A Sweeping Saga
As the sole survivor of the car crash that killed her parents, grief-stricken paramedic Kit MacKlenna is stunned to learn her life is built on lies. A legacy from her father includes a faded letter and a well-worn journal. The journal reveals she was abandoned as a baby 160 years ago. The only clues to her identity are a blood-splattered shawl, a locket with the portrait of a 19th century man, and a Celtic brooch with magical powers. Kit decides to continue her father's 25-year search for her identity and solve her birth parents' murders.
Scotsman Cullen Montgomery, a San Francisco-bound lawyer who resembles the ghost who has haunted Kit since childhood, helps her join a wagon train heading west. More dangerous than the river crossings, bad water, and disease encountered on the trail is Cullen's determination to expose her lies and uncover the source of her unusual knowledge and lifesaving powers.
Kit is convinced that if she can survive the perilous journey and Cullen's accusations, as well as thwart his attempts to seduce her, she might solve the mystery of her heritage and return home without leaving her heart on the other side of time.
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Not for me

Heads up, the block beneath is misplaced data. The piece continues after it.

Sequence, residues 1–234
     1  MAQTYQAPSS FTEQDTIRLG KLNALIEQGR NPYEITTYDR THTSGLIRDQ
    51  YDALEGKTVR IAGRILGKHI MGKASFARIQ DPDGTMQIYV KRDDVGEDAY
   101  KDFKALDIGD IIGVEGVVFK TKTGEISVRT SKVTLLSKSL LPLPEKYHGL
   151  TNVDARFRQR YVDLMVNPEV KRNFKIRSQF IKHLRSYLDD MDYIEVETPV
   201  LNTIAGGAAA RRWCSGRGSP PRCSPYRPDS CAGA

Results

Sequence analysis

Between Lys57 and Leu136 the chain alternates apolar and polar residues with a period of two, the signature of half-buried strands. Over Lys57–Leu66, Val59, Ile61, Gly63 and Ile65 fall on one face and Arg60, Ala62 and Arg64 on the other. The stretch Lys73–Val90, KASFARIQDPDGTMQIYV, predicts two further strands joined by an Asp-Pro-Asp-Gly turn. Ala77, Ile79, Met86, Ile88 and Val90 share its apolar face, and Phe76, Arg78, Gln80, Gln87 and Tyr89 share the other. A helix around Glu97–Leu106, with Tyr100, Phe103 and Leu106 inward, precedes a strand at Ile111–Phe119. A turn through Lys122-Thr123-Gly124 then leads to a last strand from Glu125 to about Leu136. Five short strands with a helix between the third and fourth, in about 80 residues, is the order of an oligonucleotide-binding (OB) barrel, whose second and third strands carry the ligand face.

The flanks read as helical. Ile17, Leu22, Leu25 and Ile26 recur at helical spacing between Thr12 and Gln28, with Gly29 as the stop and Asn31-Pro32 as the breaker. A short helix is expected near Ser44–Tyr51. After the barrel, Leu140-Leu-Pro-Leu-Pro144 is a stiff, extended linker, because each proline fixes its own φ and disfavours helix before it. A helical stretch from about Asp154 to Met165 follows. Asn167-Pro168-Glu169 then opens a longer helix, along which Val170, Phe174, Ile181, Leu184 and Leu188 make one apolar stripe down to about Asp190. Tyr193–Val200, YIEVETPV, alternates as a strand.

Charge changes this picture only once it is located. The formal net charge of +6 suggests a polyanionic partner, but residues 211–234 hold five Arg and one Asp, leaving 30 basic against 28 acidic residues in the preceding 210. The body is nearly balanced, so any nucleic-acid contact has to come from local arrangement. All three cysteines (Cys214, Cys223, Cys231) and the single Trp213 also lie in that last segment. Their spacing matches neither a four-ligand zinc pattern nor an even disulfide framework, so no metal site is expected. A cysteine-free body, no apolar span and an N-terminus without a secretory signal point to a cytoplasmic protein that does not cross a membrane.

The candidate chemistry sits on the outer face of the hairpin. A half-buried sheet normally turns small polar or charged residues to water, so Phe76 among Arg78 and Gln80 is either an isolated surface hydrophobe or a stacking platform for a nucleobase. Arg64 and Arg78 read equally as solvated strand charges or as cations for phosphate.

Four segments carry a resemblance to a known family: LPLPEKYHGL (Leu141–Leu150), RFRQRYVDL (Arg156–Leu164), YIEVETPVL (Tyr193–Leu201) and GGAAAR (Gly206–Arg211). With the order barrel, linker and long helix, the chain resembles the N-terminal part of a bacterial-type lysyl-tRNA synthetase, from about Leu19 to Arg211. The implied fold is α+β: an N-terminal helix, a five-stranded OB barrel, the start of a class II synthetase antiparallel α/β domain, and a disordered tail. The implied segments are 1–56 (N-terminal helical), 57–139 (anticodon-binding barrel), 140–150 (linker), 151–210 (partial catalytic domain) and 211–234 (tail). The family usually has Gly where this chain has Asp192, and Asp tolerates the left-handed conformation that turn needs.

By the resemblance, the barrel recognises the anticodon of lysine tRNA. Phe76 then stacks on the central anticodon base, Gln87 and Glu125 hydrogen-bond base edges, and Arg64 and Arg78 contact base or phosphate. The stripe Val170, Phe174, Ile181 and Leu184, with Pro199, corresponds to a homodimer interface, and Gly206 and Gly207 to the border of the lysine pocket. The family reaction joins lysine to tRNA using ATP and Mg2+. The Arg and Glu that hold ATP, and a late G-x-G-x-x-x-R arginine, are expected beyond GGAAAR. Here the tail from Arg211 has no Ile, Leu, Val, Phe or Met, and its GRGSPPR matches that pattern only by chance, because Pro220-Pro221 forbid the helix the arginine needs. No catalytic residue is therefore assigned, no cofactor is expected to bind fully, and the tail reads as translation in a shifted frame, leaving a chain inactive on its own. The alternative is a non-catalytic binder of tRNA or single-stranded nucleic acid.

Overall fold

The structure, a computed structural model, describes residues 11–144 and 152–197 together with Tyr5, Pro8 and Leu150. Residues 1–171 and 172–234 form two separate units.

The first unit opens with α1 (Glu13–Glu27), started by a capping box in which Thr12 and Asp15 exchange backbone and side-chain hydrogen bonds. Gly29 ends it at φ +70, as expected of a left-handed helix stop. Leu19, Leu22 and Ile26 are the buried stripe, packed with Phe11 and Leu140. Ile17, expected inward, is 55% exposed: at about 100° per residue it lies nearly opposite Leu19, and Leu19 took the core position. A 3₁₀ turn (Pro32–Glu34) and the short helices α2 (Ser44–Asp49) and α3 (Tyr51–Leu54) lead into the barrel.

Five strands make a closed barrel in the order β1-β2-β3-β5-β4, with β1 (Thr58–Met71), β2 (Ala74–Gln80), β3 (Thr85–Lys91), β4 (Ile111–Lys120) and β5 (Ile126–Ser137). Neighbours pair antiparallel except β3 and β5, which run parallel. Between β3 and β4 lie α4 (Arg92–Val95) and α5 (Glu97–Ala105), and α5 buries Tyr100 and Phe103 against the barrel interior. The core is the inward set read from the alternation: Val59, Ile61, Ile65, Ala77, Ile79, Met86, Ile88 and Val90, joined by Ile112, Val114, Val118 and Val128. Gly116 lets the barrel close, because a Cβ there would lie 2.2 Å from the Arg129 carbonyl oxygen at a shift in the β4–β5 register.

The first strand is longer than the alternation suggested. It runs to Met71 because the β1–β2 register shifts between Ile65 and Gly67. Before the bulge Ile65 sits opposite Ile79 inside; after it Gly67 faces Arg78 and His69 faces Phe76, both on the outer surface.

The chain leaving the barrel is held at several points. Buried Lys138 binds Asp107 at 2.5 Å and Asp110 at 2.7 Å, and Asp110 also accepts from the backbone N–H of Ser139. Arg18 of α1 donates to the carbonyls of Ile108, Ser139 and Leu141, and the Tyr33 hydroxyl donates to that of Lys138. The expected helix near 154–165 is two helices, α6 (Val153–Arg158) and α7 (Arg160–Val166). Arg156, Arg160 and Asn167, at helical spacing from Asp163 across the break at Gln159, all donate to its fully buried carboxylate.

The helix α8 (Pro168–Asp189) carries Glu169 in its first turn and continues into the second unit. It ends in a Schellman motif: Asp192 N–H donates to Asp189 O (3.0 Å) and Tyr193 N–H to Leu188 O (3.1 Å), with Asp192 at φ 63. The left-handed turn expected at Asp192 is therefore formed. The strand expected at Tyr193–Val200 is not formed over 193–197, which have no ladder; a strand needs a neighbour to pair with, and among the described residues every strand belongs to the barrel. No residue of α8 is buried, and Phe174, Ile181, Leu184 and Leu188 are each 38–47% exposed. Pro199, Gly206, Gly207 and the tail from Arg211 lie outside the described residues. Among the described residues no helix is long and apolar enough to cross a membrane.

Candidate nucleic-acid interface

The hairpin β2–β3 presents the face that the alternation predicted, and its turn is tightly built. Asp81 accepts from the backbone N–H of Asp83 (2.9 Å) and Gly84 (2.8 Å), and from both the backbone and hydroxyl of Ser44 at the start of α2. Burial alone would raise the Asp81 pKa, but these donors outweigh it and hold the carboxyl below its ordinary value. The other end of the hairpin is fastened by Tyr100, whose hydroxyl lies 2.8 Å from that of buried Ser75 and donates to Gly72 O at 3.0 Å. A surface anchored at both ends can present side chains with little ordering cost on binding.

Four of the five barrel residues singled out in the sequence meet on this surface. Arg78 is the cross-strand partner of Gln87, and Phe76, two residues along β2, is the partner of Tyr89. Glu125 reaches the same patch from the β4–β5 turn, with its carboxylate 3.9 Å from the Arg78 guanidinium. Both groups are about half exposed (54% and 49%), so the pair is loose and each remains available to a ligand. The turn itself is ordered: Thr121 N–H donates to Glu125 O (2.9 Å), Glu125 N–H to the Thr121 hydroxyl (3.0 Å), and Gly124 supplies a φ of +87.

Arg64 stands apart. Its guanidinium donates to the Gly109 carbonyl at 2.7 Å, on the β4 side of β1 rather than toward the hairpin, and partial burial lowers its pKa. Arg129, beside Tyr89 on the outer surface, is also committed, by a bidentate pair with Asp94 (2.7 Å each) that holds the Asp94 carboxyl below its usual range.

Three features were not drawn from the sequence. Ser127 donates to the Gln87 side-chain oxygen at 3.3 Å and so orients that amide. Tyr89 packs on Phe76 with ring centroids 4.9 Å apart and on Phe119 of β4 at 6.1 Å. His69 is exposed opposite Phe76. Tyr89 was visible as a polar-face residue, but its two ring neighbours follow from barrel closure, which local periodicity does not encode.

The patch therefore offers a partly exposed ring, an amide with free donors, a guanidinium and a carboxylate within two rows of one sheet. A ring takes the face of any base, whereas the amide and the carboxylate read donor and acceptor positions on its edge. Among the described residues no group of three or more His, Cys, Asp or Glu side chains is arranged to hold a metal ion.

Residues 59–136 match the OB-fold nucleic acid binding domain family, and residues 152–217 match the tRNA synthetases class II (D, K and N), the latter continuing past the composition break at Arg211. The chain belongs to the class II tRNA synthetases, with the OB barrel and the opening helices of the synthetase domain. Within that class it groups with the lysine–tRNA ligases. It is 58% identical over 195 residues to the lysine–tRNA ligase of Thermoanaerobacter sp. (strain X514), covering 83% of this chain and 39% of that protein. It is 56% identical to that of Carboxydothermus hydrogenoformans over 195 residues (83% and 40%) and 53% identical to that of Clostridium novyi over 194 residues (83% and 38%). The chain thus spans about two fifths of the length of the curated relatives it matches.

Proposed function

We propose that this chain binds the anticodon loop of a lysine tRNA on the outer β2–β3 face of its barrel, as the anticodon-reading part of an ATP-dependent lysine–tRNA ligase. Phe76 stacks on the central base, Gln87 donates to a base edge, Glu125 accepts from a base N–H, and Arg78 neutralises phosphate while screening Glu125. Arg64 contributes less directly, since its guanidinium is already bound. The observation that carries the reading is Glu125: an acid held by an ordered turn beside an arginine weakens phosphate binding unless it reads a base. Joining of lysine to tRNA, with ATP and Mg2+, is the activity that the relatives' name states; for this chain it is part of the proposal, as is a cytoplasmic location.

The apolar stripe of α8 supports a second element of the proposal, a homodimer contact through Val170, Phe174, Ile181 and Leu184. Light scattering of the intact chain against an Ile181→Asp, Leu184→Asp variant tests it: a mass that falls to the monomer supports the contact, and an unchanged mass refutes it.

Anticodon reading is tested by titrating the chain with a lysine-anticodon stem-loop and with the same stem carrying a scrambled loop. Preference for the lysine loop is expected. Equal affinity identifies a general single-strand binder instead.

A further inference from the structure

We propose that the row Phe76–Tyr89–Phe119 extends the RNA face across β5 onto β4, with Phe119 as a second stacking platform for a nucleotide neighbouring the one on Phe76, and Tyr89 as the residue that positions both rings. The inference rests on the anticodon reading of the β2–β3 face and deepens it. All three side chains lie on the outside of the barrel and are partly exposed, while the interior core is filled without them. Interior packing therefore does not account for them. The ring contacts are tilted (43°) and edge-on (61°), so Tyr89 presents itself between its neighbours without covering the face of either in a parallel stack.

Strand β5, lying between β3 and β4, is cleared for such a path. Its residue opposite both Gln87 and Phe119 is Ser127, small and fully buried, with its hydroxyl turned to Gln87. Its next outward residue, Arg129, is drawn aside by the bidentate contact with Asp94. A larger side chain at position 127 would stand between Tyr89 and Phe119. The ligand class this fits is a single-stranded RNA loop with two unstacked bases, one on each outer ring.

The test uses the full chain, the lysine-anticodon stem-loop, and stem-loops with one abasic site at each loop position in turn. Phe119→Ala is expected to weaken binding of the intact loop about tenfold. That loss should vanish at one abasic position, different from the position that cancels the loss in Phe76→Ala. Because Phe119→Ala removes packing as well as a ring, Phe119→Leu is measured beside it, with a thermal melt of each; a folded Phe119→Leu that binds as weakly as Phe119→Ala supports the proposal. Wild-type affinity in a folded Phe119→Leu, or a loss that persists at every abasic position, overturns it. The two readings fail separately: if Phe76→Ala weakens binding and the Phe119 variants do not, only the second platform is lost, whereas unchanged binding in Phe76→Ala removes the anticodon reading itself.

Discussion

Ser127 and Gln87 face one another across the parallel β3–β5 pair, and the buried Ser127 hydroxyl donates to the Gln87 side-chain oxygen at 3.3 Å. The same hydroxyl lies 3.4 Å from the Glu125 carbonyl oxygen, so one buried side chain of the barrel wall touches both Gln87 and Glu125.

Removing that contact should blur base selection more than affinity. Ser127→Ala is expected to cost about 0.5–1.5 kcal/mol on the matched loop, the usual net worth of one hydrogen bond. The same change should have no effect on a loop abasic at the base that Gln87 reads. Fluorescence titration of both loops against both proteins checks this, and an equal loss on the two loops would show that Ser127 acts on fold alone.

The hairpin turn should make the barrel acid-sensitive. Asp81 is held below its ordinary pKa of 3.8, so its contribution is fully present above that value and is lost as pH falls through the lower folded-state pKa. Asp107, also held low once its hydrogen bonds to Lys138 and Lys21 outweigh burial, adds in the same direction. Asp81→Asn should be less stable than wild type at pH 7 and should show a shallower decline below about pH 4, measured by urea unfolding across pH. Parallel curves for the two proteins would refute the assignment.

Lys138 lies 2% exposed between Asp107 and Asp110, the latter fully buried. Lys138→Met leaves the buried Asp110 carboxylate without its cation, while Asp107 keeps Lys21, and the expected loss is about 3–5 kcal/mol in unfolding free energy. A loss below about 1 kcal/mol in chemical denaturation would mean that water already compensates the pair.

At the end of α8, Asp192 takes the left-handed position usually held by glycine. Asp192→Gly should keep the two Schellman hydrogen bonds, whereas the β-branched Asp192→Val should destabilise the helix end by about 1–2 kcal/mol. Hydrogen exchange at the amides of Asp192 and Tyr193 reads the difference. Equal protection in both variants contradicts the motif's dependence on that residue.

I really wanted to like this book. Historic romance is my favorite genre, plus time-travel for added intrigue, and the many 5 star ratings, made it an easy choice. However, I was so disappointed.
Characterizations were flat. Kit was either crying, taking risks, or running around saving everyone. I could not relate to her at all. A woman who is stunningly beautiful (of course), and could sing, play guitar, draw, paint, cook - and bake pies! - over an open campfire, sew, teach children, ride, shoot, do martial arts, and perform surgery!! She was a bit too much to be believable. Cullen, on the other hand, spent his time either yelling at her and stomping away or lusting after her.
Some of the author's descriptions of the landscape were well done. Dialog, though, was too flowery and cliché. The reunion scene was especially bad - no heart in it, felt like actors rehearsing on a stage saying pretty things with no real emotion. I realize I'm spoiled by Diana Gabaldon, but Jamie and Claire's scene in the printshop - no comparison. I found myself rolling my eyes listening to many of the conversations.
I gave it two stars, mostly for the fact that I could finish the book, hopeful that it would end well. Meh. I will not be reading the other two books in this trilogy.
No, her writing style is not for me.
She has a nice clear voice, easy to listen to, and her American voices were fine. Her Scots dialect, however, was awful. Hopefully they will find someone who can speak like a Scot rather than sounding like an Irish wanna-be for the remaining books in the trilogy.
Hmmm. Well, you can't really cut the two main characters, I guess. I did enjoy the Barrett family. They seemed much more realistic than Kit & Cullen.
I'm glad there are readers who liked this book. I tried, but I just did not care for it.